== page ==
The present disclosure is applicable to methods and systems of storing cut sheet printed media in a sheet buffer, to be inserted into the media stream at the proper time to achieve correct and complete printing job sequence.

2. Description of the Prior Art

In many printing applications, especially with Multi Print Engine Color Hybrid Architectures, buffers allow the batching of the print output from one of the engines to maximize system productivity and reduce run cost. For example, in some of the proposed TIPP (Tightly Integrated Parallel Processing) architectures consisting of a mono and a color engine, there is a need to store color prints in the sheet buffer to minimize color engine start up and shut down cycles.

However, such sheet buffers typically add significant cost, and in the case of the Entry Production Color market, an increase in the precious footprint of the total printing system. The invention provides an efficient alternative to the prior art media path sheet buffer configurations, such as disclosed in FIG. 1.

SUMMARY OF DISCLOSURE

The invention is a novel media path mechanism which utilizes the position and/or motion of the Buffer Nips to deflect the Leading and Trailing Edges of the sheets entering the buffer and enable selected sheets to be reliably shingled in the Buffer Media Path. The sheets are stored in properly collated order until needed for insertion into the print stream. Utilizing the sheet buffer media path more efficiently, the “Shingled Sheet Buffer” should hold roughly three times more sheets than the traditional “Park in Place” or “Head to Tail” Media Path Buffers.

Various of the above-mentioned features and further features and advantages will be apparent to those skilled in the art from the specific apparatus and its operation or methods described in the example(s) and in the claims below. Thus, they will be better understood from this description of these specific embodiment(s), including the drawings (which are approximately to scale) wherein:

FIG. 1 shows an exemplary prior art two engine hybrid color printing system;

FIG. 2 illustrates media path detail of a typical prior art buffer with head to tail sheet parking;

FIG. 3 is one of many possible architectures that would benefit from the shingling technology of the present disclosure;

FIG. 4 illustrates sheet shingling in a buffer media path in accordance with the present invention;

FIG. 5 shows a shingled sheet buffer using depressed translation nips in accordance with the present invention;

FIG. 6 shows a shingled sheet buffer using rotating nips in accordance with the present invention;

FIG. 7 shows a shingled sheet buffer using permanently rotated nips in accordance with the present invention; and

FIG. 8 depicts unloading a shingled sheet buffer in accordance with the present invention.

DETAILED DESCRIPTION OF DISCLOSURE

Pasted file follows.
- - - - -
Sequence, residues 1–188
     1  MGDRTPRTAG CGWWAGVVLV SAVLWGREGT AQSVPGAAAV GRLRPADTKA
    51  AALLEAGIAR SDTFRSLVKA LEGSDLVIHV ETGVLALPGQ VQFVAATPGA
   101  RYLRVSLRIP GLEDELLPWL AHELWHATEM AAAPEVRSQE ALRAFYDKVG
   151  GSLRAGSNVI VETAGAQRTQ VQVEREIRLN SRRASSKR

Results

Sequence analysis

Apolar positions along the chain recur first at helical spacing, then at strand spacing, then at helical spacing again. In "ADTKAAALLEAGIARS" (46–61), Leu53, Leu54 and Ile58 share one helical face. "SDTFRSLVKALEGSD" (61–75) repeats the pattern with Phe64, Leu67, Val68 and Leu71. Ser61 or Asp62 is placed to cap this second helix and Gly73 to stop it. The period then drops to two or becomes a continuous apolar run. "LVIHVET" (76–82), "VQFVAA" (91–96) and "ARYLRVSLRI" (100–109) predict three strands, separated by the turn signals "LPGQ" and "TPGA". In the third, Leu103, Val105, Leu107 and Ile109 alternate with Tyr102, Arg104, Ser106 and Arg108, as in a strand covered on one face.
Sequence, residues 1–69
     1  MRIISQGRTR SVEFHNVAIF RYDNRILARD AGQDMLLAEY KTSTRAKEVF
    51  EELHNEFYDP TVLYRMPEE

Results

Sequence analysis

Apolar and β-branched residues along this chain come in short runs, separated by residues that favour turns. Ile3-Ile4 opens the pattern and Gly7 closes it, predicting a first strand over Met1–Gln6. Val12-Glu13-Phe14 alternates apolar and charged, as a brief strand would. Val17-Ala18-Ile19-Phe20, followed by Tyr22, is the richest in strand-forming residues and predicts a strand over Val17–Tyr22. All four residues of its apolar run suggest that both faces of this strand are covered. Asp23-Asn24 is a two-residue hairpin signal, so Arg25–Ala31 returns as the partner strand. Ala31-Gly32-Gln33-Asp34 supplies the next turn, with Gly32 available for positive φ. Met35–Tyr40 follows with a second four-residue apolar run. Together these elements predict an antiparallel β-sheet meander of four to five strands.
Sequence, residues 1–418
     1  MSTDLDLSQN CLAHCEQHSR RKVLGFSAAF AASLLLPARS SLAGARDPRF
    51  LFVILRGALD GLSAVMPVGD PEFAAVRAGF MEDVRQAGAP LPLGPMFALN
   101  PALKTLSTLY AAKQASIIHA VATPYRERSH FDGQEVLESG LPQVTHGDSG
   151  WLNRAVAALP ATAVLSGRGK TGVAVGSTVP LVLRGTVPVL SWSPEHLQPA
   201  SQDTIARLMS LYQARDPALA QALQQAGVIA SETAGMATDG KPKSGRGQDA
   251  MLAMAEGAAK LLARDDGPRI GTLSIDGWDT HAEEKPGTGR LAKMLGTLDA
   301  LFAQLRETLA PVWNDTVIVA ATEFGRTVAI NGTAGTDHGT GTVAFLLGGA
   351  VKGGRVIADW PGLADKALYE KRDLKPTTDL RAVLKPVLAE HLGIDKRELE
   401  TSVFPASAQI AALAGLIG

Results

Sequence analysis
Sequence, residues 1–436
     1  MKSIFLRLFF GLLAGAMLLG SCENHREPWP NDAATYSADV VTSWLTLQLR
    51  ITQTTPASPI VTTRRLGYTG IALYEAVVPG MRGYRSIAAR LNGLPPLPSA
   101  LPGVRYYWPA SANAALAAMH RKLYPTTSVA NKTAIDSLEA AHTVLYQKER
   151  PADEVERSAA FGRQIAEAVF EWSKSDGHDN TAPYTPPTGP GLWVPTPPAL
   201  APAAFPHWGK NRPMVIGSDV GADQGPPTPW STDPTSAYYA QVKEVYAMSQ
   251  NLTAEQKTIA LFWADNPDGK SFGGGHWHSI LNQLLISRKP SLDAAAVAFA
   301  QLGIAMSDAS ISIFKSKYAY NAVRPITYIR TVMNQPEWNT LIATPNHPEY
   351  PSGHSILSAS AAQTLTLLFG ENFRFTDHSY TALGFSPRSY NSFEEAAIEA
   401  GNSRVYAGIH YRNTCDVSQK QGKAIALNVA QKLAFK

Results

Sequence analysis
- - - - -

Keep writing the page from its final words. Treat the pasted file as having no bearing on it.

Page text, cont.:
With reference to FIG. 1, there is shown an exemplary Two Marking Engine Hybrid Color printing system 12, where mono and color printing engines are arranged in TIPP (Tandem Integrated Printing Processor) fashion, including one style of a classic prior art large foot print fixed capacity color print buffer module 14.

When a printing job with mixed pages (mono and color, but mono dominant) is processed, mono pages are printed on the mono engine on top, while color pages are printed on the color engine below. Efficient productivity necessitates the need for a sheet buffer module, where batch printed color pages are stored and inserted into the exit media path at the proper time. Typical prior art buffer modules have buffer configurations with sheets “parked head to tail” in the buffer paths illustrated in FIG. 2. As shown in FIG. 2, a first sheet, sh1, is shown in a prior art buffer with a second sheet, sh2. The sheets are head to tail, meaning that the leading edge LE of sh2 is parked just behind the trailing edge TE of sh1 and the sheets are separated by a small nominal distance. There is no overlap and the maximum space is used along the buffer media path for a given number of sheets.

The novel mechanism of the present invention allows sheets to be stacked on top of each other in a “shingled” manner without mixing up the print sequence. Sheet storage capacity can be increased significantly (approximately 3×) for a given length of buffer media path. FIG. 3 illustrates the printing system 12 of FIG. 1 with a more compact shingling buffer 16 in accordance with the present invention, holding 30 sheets as opposed to 24 sheets in the FIG. 1 buffer. Note the additional foot print and bulk required by the 24 sheet capacity color sheet buffer module 14 of FIG. 1 in comparison with the 30 sheet capacity color sheet buffer module 16 of FIG. 3. Sheet shingling is illustrated in FIG. 4 where 6 sheets, sh3, sh4, sh5, sh6, sh7 and sh8 are shown in overlapping relationship along a buffer media path.

The challenge with a shingling sheet buffer is to reliably position the lead edge of the entering sheet on top of the trail edge of the prior or previous sheet without stubbing. Stubbing would occur if the lead edge of a trailing sheet would strike, stub, or jam into the trail edge of the leading sheet to prevent overlap. By overlapping or shingling each sheet in a shingled sheet buffer media path could easily ‘park’ sheets every 100 mm to 150 mm of media path. This allows much more paper storage than parking sheets head to tail.